Affordances are on my mind right now as I develop the throwing research programme, and a major commitment of that work is that affordances are (dispositional) properties of the environment picked out by organisms in the context of tasks. This commitment has become important enough that it's time to get into developing specific arguments against the various 'affordances are relations' papers that are out there. I am working towards a paper summarising my objections to the relations account that also strongly advocates for the properties account on the grounds it enables a lot more science. This will be an occasional series of posts as I read and draft my arguments; as always, feedback welcome.
In this first post, I want to draft a response to 'Affordances 2.0', from Chemero's (2009) book Radical Embodied Cognitive Science. I previously blogged this chapter in two parts here and here.
I had a conversation with Eric Brymer (@Ericbrymer) a few weeks ago. Eric is a Reader at Leeds Beckett and is an ecologically minded psychologist interested in the effects of the natural world on mental health. We chatted affordances for a while, and despite it being a very interesting chat, I really wasn’t sure if I had anything to say about the differences between the natural and designed worlds. But I have not been able to stop thinking about this topic, and now I think there’s something fairly cool here.
Radical enactivists do not just want to get representations out of their explanations for our mental life. They also want to get rid of the notion of content. Hutto & Myin (2013) is the strong version of this claim. Mental states or processes have content if there are specified conditions of satisfaction and if it can be evaluated for things like truth (i.e. does the thing conveying content doing so accurately or not?). Part of the concern is that ecological psychology is committed to content and thus can’t play with the other radical theories. The evidence is that we talk about things like ‘information about affordances’; that ‘about’ implies content. van Dijk, Withagen & Bongers (2015) took a swing at defending a content-less ecological psychology. I admire the attempt to get the radical camps on the same page, but at the end of the day I think a) the defence is grounded on the wrong notion of affordances (as relations, instead of dispositions) which means b) I don’t think it works but that c) I don’t think I care. I am as yet unfazed by critiques of content, although I’m happy to hear more on this; frankly Hutto & Myin’s book is a real struggle to read and any clarity people can add, I’ll take.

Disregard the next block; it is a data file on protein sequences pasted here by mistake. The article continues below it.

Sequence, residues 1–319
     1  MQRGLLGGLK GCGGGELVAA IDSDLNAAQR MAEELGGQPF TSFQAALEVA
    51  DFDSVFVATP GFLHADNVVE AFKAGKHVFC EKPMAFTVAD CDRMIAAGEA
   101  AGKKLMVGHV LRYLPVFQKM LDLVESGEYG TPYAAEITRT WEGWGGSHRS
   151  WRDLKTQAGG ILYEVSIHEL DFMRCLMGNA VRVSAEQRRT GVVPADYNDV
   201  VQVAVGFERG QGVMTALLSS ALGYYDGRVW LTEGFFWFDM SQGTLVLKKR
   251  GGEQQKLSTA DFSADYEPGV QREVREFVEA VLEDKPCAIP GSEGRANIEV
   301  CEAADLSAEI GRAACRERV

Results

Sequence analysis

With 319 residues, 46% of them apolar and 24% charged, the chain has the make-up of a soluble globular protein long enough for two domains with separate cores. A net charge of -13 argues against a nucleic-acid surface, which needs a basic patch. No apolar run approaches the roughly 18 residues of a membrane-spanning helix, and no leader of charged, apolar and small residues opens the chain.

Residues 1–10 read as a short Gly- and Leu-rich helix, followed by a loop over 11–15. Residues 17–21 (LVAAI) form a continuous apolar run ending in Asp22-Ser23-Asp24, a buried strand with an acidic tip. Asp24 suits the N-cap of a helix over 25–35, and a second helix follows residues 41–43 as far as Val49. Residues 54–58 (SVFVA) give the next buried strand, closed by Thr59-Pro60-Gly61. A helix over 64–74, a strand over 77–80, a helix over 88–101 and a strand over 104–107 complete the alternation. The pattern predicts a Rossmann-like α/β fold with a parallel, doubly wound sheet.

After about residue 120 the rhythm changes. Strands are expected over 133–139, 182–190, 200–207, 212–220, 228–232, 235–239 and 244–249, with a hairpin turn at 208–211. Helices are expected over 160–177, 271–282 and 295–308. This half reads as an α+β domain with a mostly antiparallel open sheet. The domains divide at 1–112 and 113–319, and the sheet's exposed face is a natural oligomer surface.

Turvey, Shaw, Reed and Mace (1981) laid out an ontology of affordances; a formal account of the kind of things they are. They described them as dispositions, properties of the world constituted by sets of anchoring properties that offered an action to an organism whose dispositions could complement the affordance. Making affordances dispositions makes them real, makes them pre-date the interaction with the organism, and accounts for their odd ‘not doing anything until interacted with’ kind of existence. I am firmly Team Affordances are Dispositions and I have yet to meet an alternative account that supports a science of affordances or even allows them to be perceived.
The literature on dispositions was somewhat limited in 1981, but in 1998 Stephan Mumford published the definitive work on what they are and how they work. I always hoped someone with the necessary philosophy chops would use this work to strengthen the foundations of affordances (I even almost talked a philosopher into doing it!) but it turns out I’m covered. Andrea Scarantino (2003) published ‘Affordances Explained’ and did much of the necessary work, and there are some very useful things in the analysis. This post is me working through this material, translating from the technical philosophy into words I can understand better.